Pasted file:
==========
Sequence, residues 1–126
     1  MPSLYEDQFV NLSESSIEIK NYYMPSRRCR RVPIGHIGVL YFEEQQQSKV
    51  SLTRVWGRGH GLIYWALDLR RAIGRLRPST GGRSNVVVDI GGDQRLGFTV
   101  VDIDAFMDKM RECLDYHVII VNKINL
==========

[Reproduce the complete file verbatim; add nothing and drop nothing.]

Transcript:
Sequence, residues 1–126
     1  MPSLYEDQFV NLSESSIEIK NYYMPSRRCR RVPIGHIGVL YFEEQQQSKV
    51  SLTRVWGRGH GLIYWALDLR RAIGRLRPST GGRSNVVVDI GGDQRLGFTV
   101  VDIDAFMDKM RECLDYHVII VNKINL